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Frustration Is Ramping Up

, , , , , , | Working | April 27, 2021

It is August in Phoenix, Arizona — a desert. The day starts over 100°F/38°C and it’s going to be 115°F/46°C later in the day. We are moving from one house to another.

My wife has to stay at the house we are moving from for a while and then has to get to the new house to meet the cable installer, and we have three little kids who cannot carry heavy boxes.

We have rented a large truck with a ramp to help with the move. We rented from a location near the new house so it wouldn’t be that long a drive at the end of the day. A friend was supposed to help me, but he broke his toe the night before, so I am on my own. Did I mention the temperature? I have to load items from the old house, drive to a storage locker and load items from there, and then go to the new house.

All day, the ramp doesn’t work correctly. It’s difficult to pull out of the back of the truck and nearly impossible to get it back in when I’m done. I have been fighting with it all day, and it’s hot and I’m frustrated. At each stop — sometimes twice at a stop — I call the rental company to tell them the ramp is broken and that they need to send someone to fix it. Each time, the customer service rep tells me that they will connect me to technical support where they can explain to me what I’m doing wrong. As far as they are concerned, it’s not broken, so it must be user error. Each time, I try to convince them it’s not me but the ramp, but they won’t send anyone.

At the end of the day, I finally unload the last of the items into the house or the garage. The ramp is sticking partway into the garage, so we cannot close the garage door. And at this point, the ramp. Will. Not. Go. In. I try all the tricks I have used throughout the day to get the ramp to move and it won’t go.

I call customer service again, and again they want to transfer me to tech support. I stop the woman right there.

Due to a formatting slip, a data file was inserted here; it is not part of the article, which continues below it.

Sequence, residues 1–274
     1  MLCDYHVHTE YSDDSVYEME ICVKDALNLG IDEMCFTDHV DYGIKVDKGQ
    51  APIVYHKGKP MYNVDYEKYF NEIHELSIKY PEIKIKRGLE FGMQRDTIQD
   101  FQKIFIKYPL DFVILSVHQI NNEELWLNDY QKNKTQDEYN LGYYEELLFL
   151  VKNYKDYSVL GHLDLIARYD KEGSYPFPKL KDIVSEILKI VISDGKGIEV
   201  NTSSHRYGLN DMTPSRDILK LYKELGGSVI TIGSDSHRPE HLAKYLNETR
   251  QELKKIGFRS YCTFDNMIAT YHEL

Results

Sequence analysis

Me: “Do not transfer me to technical support. It’s not that I do not know how to do this. I have been fighting this all day and I have been transferred to technical support three times already today. It is not user error. It is broken. It is 10:00 pm and I am hot and tired. Right now, the ramp is sticking into my garage so I cannot close the garage door. I was told when I picked up this truck today that it was heading out on a long-distance move tomorrow morning. So, you have two choices at this point: you can send a mechanic to fix this and I can return the truck, or I will drive it back to the rental center a mile from here now with the ramp dragging the whole way and I will not be responsible for any damage to the truck.”

She agrees to send a mechanic and, in the meantime, I hop into the pool to cool off. When the mechanic arrives at around 11:00 pm, I explain the problem. He gets under the truck and takes one look at the latching mechanism.

Mechanic: “Yeah, this thing is completely busted. The metal was fatigued and it snapped. I’ll have to take it back to the shop and weld it back together. This isn’t going anywhere tomorrow morning.”

He told me to slowly push the ramp back in while he held the broken latch out of the way, and we got the ramp back in. He followed me back to the rental center to make sure I got there safely, and I presume he got to work on the repair.

Sometimes, when a customer says it’s not user error, they might even be right.